bbFTP

bbFTP can be used to efficiently transfer large amounts of data to/from HECToR. This document provides a brief introduction to using bbFTP on HECToR. More detailed information and documentation is available on the bbFTP website.

bbFTP is one of the tools we recommend if you have large amounts of data to transfer to or from HECToR.

bbFTP is an open-source secure multi-streamed file transfer utility, released under the GNU General Public License. It was written by Gilles Farrache at IN2P3 Computing Center in Lyon, France. bbFTP has been optimised for the transfer of large files: it securely authenticates, but then transfers file data in multiple unencrypted streams, thereby avoiding the computational overhead of encryption and decryption. bbFTP also allows large windows as defined in RFC1323, and therefore is well suited to the problem. Previous studies of grid-ftp have shown that there is good scope for improvement over scp performance. grid-ftp can be difficult to install and by default, requires a non-trivial certificate based authentication mechanism that is often too large a barrier for user uptake. bbFTP is a simpler alternative that uses password or public key based authentication in the same manner as scp, so is immediately accessible to users with minimal setup costs. However if you already have access to grid-ftp this is an equally good alternative.

Limitations

bbFTP can only transfer files, not directory trees. If you want to transfer a recursive directory tree then you first need to archive your directory structure into a single file (using, for example tar) and then transfer this archive. Once transferred, the archive can be extracted.

How to use bbFTP

There are a number of ways to initiating a bbftp transfer so for simplicity we concentrate on transferring data between HECToR and YOURMACHINE.

To "get" data from YOURMACHINE onto HECToR, issuing the command from HECToR itself:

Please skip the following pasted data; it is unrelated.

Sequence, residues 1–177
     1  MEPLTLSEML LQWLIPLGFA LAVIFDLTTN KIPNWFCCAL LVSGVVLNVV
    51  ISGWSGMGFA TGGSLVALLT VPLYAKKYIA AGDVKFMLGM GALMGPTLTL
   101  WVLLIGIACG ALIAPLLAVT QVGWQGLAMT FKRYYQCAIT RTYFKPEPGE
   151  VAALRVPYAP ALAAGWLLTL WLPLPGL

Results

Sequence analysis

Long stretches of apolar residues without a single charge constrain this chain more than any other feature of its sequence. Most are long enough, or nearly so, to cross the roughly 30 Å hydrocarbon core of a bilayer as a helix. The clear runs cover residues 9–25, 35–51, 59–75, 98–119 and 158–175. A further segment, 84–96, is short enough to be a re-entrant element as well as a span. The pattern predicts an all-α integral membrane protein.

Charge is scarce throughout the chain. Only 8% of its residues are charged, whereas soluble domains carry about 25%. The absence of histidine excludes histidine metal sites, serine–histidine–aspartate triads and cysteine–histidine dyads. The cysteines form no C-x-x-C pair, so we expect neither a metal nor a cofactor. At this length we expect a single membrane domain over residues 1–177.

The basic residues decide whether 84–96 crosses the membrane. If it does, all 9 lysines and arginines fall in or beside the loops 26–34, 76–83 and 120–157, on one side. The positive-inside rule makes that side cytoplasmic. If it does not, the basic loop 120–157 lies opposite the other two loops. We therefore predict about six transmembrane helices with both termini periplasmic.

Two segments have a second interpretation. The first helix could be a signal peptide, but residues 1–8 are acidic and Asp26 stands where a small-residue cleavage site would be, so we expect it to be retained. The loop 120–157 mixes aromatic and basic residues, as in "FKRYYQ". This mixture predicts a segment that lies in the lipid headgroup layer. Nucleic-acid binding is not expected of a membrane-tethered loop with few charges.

/usr/local/packages/bbftp/bbftp -s -E remote-bbftpd-path -m -p 10 -e "get remote_filename.dat local_filename.dat" login@YOURMACHINE.ac.uk

The remote filename is relative to the user's home directory on your machine unless it begins with a "/" in which case it is interpreted as an absolute filename.

The local filename is relative to the directory in which the bbFTP command was issued unless it begins with "/" in which case it is interpreted as an absolute filename.

When run using this single command, the bbFTP executable is launched at the local and remote sites simultaneously, and the transfer is initiated over 10 parallel streams (as indicated by the -m and -p flags). We do not recommend or anticipate the need for the use of more than 10 parallel streams.

Note that the -E flag specifies the location to the bbFTP executable on the remote site.

To "get" all files in a subdirectory on YOURMACHINE onto HECToR (issuing the command from HECToR):

/usr/local/packages/bbftp/bbftp -s -E remote-bbftpd-path -m -p 10 -e "mget remote_dir/* local_dir" login@YOURMACHINE.ac.uk

This will transfer all the files in "remote_dir" into the local directory "local_dir". The same rules on relative and absolute filenames apply as specified in the previous example.

To "put" a file from HECToR onto YOURMACHINE (issuing the command from HECToR):

/usr/local/packages/bbftp/bbftp -s -E remote-bbftpd-path -m -V -p 10 -e "put local_file.dat remote_file.dat" login@YOURMACHINE.ac.uk

Once again, all the rules for relative and absolute filenames apply as in the examples above. There is also the command "mput" for transferring more than one file.

If you are using a remote bbftp client to connector to hector you should connect to login11b.hector.ac.uk and specify /usr/local/packages/bbftp/bbftpd as the server location.

Note - you will be unable to use bbftp to transfer data to/from the UK RDF filesystem via node login11b.hector.ac.uk. The RDF filesystems are not mounted on login11b.hector.ac.uk.

If you wish to transfer information to and from your home site, you should ensure the bbFTP software is also installed there. bbFTP, along with a full explanation of its usage and modes of operation can be found at the bbFTP website.